With planting works having been done as recently as spring 2015 to enhance the space, the popular ruins are now accompanied by greenery. You will find an unusual plant roaming the lower garden in the form of winter’s bark, Drymis winteri, whose leaves are so high in Vitamin C that they were once eaten to prevent scurvy (we know it’s tempting… please don’t).
The nearest tube is Monument or Tower Hill, but you will feel so secluded in this gem of a City Garden that you'll barely remember you’re in London. When deciding on your scenic destination for the day, make sure St Dunstan in the East Church Garden is high on your list.
If you’re feeling particularly sprightly (and have managed to tear yourself away from the Serpentine Bar), you can continue your walk onto Kensington Gardens. Originally part of Hyde Park, the royal gardens boast beautiful surroundings and monuments that can be enjoyed whatever the weather. Perfect for children, Kensington Gardens helped to inspire J M Barrie's stories of Peter Pan – your little ones will love the
ornate statue magical garden and giant pirate ship playground (found in the Diana, Princess of Wales' Memorial Playground and opened in memory of the late Princess).
St James’ Park
Located in Westminster by Buckingham Palace, St James’ Park is 57 glorious acres of royal history, landmarks and gorgeous city lookouts. Enjoy the the vast lake and the seventeen resident species of birds from the comfort of an old fashioned stripy deckchair (boater hat optional). The Queen lives just up the road but you’re more likely to catch a glimpse of the squadron of pelicans (yes, really) that reside within the park. Want to stay in this regal part of town? One of our Westminster homes like Timely Transformation should be just what you're looking for.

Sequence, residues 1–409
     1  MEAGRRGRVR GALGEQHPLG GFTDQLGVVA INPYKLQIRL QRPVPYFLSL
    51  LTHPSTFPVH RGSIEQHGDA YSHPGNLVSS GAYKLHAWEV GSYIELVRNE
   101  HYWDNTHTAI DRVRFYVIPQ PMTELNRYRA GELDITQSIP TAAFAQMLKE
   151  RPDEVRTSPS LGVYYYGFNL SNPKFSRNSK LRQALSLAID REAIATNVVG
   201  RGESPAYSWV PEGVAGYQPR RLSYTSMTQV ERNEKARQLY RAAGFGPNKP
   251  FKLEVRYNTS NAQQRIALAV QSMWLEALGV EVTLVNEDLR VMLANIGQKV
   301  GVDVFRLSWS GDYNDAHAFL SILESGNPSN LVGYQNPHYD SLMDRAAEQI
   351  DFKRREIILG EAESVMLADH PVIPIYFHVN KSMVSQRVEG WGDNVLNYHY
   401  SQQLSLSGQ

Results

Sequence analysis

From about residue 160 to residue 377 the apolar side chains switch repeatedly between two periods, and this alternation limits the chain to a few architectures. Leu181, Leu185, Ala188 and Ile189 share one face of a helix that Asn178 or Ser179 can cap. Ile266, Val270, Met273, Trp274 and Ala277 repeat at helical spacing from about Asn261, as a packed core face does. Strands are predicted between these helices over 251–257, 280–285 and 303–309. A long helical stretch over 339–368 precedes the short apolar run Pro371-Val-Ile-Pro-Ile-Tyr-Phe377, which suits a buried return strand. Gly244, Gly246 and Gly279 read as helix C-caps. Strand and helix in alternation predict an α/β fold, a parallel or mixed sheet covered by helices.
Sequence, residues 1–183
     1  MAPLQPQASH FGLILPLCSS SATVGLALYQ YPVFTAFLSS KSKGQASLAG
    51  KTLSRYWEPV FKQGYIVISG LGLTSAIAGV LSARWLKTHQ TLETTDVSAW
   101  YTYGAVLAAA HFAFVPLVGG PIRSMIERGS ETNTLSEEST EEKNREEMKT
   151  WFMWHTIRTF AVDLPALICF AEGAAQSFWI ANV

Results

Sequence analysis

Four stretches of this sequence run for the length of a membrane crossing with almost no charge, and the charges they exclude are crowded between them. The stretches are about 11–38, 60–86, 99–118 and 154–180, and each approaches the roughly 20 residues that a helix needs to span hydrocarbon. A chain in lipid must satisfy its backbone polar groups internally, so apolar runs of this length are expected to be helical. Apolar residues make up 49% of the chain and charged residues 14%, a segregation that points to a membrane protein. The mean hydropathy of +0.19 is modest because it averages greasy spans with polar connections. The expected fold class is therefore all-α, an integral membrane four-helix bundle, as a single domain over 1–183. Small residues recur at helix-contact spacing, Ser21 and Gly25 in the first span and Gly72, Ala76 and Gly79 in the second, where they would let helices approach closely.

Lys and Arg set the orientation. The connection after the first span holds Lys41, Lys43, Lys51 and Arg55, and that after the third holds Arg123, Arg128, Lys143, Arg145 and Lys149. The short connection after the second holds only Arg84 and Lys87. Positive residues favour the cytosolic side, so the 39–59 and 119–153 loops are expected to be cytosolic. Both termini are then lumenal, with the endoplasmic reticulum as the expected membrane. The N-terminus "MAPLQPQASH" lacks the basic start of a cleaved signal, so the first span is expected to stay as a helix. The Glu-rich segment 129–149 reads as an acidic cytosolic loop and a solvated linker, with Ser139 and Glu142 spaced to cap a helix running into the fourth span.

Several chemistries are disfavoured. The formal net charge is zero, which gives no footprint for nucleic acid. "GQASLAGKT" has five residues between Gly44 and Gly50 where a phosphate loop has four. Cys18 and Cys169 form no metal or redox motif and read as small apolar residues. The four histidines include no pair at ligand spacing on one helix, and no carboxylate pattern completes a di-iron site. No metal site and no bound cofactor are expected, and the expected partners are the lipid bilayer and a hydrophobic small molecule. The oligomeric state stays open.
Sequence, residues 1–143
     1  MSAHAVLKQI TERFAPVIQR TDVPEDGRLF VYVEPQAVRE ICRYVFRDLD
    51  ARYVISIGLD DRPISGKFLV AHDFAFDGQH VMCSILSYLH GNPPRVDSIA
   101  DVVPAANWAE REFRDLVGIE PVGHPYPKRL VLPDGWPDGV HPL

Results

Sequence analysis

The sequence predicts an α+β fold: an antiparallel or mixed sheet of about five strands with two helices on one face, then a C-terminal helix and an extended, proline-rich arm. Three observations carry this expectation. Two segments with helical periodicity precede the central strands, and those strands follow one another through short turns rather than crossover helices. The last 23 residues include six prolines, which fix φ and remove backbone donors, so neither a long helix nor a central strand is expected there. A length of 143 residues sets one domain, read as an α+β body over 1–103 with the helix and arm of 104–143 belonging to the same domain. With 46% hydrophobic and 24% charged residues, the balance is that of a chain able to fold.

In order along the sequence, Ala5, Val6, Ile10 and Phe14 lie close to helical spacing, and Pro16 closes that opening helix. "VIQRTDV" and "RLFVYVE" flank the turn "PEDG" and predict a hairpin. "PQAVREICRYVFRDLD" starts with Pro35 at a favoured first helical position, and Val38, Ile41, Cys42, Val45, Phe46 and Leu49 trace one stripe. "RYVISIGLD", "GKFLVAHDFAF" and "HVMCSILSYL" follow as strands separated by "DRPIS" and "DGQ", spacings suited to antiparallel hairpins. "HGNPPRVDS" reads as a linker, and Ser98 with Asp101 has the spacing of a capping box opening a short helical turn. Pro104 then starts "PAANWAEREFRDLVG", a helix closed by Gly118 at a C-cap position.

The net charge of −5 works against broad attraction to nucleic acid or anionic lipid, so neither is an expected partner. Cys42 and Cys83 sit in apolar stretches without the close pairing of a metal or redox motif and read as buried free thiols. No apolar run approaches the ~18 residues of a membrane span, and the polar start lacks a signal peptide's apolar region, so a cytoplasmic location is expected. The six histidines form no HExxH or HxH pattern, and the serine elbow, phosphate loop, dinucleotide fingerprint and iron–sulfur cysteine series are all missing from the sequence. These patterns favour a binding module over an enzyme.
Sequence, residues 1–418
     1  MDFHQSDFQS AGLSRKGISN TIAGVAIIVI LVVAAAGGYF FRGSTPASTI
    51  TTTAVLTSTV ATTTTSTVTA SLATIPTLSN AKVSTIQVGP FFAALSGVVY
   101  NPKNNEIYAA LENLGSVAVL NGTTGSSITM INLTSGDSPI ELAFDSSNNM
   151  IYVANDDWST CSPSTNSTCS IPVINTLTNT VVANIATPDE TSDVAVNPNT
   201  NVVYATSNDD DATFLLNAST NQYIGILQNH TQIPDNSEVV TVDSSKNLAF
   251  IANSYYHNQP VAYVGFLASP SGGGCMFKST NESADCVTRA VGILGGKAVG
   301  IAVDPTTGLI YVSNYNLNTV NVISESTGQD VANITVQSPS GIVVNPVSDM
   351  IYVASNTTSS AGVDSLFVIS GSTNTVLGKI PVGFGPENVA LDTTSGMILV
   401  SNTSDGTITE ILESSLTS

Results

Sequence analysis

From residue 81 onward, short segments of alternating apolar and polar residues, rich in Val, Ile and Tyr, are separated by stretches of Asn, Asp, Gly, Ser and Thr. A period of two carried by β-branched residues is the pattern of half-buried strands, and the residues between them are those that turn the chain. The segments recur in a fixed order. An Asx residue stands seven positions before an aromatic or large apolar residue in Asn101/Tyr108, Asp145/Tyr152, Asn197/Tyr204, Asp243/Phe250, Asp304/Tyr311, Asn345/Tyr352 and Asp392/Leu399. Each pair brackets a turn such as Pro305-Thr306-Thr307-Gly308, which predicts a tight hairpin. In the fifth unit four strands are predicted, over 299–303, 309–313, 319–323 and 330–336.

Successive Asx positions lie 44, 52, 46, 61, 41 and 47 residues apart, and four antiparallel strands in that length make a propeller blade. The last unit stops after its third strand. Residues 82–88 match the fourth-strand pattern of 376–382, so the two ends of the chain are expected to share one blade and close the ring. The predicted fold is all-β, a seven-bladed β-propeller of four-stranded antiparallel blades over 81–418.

It’s advisable to take a map when visiting Richmond Park. Firstly, to get there (Richmond is in zone four, at the end of the District line), and secondly, to ensure you don’t get lost in the sprawling 800 acres of green. The famous wildlife – especially the herds of deer – will make your pilgrimage, and the possibility of being declared missing, worth it. Pembroke Lodge sits at the top of Richmond Park (and even has free parking), where you
will can enjoy a traditional English tea in elegant Georgian dining rooms.
If you have absolutely no knowledge of London and are unable to find England on a map, you’ve probably still heard of Hyde Park. Being the most famous of London’s parks, it’s arguably the most touristy, but
you won't see anyone it's huge. Hyde Park stretches across 350 acres of royal expanse, where visitors can enjoy a spot of boating, tennis and even horse riding.
Feeling guilty about foregoing the gym for sunshine? No problem, get your cardio session in at the ‘senior playground’, for the young at heart.
Take a dip in the Serpentine Lido (if you happen to have your swimming kit with you), or enjoy a glass of wine looking out over the open water at the Serpentine Bar and Kitchen.
Despite Clapham Common’s lovely surroundings (Georgian mansions, three ponds and a bandstand), this south London hotspot is probably best avoided if you’re over 25 and/or don't own a pair of roller blades. Here lies London’s Generation Z: crowds competing for optimal speaker volume and personal trainers
humiliating encouraging their sweaty clients.
Affectionately known as ‘Ally Pally’ by locals, this 1873 grade II listed events venue is situated between Wood Green and Muswell Hill. This is one of the best parks and gardens London has to offer for kids; from skateboarding in the skate park to zip wiring through an urban tree top jungle at Go Ape. The more demure visitors can call on Alexandra Palace's garden centre or treat themselves to homemade pies at the (overpriced) farmer’s market.